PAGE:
"Five GOP Presidential Candidates Shun Tenthers To Score Points With Abortion Opponents"
Tenther attorney David Kopel mocks GOP presidential candidates Michele Bachmann, Newt Gingrich, Tim Pawlenty, Ron Paul, and Rick Santorum for signing a pledge promising to tell many women that their aborted fetuses feel pain. As he explains, federal laws restricting abortion violate states rights under his tenther view of the Constitution:
In Gibbons v. Ogden, Chief Justice Marshall explained that “health laws of every description” are outside the scope of the federal commerce power. The statement has been cited with approval by other Supreme Court justices at least 20 times. As Wickard v. Filburn observed, the Marshall opinion in Gibbons “described the Federal commerce power with a breadth never yet exceeded.” [...]
Marshall’s opinion in Gibbon [sic] may be considered the outer boundary of any originalist interpretation of the interstate commerce power. What doctors tell patients before providing abortions is obviously not interstate commerce, all the more so since the vast majority of patients do not cross state lines to obtain abortions.
Kopel’s claim that “health laws of every description” are beyond Congress’ power to regulate the national economy is obviously wrong. While those words do appear in Marshall’s Gibbons opinion, the very next paragraph of the opinion explains that Congress may enact health laws “for national purposes.” So a federal law regulating the national health care market, or the nationwide market for health insurance, or even the national market for abortion services would easily fit within Congress’ commerce power — although it could very well conflict with decisions protecting a woman’s right to choose and thus violate the Fifth Amendment.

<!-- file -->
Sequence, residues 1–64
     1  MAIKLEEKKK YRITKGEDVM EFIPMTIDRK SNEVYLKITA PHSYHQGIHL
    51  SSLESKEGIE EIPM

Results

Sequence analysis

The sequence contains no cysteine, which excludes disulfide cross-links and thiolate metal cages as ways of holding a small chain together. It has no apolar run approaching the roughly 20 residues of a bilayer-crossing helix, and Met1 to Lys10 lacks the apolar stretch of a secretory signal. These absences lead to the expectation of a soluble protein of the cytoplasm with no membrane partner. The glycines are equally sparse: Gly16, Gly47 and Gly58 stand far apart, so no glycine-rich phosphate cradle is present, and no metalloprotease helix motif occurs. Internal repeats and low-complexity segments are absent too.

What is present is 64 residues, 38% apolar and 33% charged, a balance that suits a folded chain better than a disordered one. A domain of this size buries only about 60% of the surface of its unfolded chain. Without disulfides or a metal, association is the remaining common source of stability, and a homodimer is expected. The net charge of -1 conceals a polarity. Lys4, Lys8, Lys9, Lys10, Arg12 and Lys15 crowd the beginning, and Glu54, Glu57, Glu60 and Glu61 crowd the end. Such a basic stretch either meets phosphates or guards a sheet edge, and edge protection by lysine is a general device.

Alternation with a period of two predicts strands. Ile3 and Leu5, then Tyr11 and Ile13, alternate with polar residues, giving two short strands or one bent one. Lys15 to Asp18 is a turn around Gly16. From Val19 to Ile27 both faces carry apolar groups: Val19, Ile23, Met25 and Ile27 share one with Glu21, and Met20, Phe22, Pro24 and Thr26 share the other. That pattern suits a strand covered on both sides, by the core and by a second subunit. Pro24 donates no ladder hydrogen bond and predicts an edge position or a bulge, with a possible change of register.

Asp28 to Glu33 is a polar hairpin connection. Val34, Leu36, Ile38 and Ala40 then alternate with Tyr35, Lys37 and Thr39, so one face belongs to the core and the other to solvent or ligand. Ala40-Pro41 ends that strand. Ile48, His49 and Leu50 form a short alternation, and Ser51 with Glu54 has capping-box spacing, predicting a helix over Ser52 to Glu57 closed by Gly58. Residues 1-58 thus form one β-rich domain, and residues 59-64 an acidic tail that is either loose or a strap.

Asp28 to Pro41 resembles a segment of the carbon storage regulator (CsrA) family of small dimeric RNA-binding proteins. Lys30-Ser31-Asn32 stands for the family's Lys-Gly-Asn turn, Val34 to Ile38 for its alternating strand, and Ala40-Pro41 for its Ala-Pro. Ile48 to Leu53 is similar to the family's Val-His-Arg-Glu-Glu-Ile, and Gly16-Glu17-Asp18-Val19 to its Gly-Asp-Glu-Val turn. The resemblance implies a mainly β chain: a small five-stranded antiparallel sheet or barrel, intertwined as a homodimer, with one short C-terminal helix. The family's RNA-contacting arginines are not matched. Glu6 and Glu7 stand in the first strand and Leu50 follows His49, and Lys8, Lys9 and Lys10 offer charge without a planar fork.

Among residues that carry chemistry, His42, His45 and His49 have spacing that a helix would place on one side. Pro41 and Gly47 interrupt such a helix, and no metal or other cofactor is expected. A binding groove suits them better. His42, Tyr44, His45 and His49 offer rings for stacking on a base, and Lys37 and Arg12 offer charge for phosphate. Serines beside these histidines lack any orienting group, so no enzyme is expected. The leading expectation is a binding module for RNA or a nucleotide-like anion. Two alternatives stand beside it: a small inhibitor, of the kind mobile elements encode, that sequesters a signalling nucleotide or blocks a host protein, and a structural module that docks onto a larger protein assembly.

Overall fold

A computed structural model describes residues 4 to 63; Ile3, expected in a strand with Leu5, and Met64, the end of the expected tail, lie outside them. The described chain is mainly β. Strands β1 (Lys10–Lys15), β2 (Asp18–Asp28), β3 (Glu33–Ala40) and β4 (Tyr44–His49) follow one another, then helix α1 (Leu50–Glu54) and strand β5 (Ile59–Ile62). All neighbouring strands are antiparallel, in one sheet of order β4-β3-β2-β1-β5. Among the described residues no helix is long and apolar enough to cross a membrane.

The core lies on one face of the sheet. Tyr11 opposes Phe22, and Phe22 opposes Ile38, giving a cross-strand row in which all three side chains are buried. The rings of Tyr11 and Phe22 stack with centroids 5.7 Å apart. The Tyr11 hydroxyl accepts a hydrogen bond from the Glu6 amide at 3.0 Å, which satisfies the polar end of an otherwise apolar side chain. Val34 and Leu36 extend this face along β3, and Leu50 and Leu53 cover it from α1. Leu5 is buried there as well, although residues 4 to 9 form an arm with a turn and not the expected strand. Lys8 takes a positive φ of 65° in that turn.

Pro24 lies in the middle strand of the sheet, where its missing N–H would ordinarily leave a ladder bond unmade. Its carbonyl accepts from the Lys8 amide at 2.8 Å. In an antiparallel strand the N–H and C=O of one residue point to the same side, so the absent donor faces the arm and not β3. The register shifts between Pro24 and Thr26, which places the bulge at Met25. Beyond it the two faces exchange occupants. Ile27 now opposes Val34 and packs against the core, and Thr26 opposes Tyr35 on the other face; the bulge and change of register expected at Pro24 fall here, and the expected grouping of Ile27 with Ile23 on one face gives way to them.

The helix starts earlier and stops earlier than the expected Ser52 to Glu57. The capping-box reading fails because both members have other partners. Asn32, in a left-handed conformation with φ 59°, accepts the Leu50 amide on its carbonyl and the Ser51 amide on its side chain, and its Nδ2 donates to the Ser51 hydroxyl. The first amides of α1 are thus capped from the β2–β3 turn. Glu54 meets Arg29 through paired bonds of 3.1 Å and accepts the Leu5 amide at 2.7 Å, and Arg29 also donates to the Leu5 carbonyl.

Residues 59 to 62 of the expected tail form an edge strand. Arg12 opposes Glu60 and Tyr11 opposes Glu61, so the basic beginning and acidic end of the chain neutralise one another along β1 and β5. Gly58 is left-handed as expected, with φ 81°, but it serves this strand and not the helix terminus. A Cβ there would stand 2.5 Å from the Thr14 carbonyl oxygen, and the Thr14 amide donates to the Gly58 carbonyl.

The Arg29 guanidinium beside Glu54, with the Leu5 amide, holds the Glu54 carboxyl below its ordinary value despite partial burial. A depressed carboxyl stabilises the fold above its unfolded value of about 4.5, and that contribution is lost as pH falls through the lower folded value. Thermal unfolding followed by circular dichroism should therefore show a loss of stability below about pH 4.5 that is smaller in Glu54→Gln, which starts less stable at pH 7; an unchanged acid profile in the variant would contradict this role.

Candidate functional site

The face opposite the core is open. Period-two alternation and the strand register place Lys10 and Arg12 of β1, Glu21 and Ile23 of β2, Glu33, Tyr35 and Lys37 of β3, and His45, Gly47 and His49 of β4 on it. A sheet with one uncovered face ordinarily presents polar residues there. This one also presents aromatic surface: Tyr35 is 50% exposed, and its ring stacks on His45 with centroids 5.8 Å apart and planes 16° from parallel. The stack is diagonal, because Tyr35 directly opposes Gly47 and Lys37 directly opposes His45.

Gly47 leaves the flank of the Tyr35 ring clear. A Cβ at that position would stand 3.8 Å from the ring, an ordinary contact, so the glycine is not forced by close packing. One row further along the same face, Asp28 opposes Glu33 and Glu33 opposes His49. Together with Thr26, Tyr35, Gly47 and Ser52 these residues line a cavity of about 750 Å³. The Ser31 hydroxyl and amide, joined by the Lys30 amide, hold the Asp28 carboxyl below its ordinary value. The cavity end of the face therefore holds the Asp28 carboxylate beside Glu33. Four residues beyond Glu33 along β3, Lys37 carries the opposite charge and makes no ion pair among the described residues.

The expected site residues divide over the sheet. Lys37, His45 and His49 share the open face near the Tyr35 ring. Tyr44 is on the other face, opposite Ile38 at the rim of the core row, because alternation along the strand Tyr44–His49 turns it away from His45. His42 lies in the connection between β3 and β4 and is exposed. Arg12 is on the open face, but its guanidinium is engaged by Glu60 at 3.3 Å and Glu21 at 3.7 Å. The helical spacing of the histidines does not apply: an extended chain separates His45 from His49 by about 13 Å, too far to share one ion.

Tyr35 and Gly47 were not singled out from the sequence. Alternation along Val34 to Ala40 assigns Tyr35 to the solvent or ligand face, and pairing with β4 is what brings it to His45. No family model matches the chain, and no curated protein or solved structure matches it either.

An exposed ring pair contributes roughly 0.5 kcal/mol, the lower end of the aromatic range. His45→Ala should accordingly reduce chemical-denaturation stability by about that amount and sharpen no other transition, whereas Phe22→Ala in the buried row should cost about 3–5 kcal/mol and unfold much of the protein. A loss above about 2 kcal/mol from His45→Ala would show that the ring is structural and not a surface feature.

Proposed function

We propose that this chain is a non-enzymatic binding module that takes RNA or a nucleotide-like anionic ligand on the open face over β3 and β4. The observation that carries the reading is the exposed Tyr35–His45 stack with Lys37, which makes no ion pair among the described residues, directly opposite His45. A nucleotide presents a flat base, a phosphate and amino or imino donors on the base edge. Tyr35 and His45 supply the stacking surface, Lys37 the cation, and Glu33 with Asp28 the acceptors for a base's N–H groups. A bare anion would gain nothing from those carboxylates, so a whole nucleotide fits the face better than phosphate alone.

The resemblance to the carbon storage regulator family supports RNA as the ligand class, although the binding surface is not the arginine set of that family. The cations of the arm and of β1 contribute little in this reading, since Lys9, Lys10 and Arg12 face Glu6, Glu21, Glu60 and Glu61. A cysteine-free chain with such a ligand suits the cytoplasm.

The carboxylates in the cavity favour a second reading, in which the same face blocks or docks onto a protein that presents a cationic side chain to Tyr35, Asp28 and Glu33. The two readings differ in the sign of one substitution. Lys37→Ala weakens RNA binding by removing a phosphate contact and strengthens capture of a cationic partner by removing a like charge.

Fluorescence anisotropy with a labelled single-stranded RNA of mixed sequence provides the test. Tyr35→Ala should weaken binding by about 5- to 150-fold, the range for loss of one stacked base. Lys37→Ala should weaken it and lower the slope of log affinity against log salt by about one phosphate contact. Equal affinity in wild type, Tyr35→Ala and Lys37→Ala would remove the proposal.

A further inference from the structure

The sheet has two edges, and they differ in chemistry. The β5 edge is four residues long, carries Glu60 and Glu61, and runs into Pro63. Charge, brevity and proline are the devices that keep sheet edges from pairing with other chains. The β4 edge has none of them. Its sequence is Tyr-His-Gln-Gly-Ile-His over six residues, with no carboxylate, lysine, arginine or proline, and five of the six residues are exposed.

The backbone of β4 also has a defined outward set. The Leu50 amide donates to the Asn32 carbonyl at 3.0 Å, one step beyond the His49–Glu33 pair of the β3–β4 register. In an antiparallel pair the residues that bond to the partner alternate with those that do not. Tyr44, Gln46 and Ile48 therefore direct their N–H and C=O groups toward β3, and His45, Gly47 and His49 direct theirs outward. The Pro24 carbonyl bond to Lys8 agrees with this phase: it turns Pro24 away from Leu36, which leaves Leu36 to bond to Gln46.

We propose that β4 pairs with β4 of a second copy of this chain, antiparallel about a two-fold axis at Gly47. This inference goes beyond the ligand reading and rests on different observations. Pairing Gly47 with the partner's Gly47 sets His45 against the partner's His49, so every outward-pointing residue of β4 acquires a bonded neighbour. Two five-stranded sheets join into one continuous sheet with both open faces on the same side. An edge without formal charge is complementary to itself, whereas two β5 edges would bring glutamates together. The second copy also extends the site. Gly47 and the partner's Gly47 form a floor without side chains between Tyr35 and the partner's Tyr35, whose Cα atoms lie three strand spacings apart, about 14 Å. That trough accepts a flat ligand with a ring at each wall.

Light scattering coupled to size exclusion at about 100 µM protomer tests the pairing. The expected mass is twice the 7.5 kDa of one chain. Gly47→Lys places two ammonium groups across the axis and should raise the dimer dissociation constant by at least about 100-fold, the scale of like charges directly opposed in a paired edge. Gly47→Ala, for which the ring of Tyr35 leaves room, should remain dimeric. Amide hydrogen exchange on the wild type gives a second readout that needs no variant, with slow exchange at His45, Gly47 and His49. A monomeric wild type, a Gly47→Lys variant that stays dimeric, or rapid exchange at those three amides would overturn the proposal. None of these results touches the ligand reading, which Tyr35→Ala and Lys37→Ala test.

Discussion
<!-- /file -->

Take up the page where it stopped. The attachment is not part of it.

Nevertheless, Kopel’s disagreement with the five GOPers who prioritized their anti-choice views over tentherism highlights a very real divide within the Republican Party. Currently, while the GOP’s goal appears to be keeping President Obama from accomplishing anything, a radical libertarian view of the Constitution such as tentherism makes a lot of sense. If your agenda is to halt President Obama and maybe repeal Medicare while you are at it, why not adopt a vision of the Constitution that says pretty much everything the federal government does is unconstitutional?
Yet, when the GOP regains power — as they will inevitably do at some point in the near or distant future — they are unlikely to be as excited about a constitutional theory that renders them impotent. Indeed, we already saw this conflict play out earlier this year when tenther Reps. Ted Poe (R-TX) and Louie Gohmert (R-TX) briefly rebelled against a GOP-sponsored tort reform bill because it violates tentherism’s fake constitution. In the end, Poe and Gohmert were unsuccessful in stopping the bill, as many of the same GOPers who pledged allegiance to tentherism before the election decided that they would rather implement their entire agenda than follow a fabricated Constitution.
In other words, it’s clear the GOP doesn’t really believe much of anything about the Constitution — except that it lets them do whatever they want and forbids progressives from doing anything they want to do.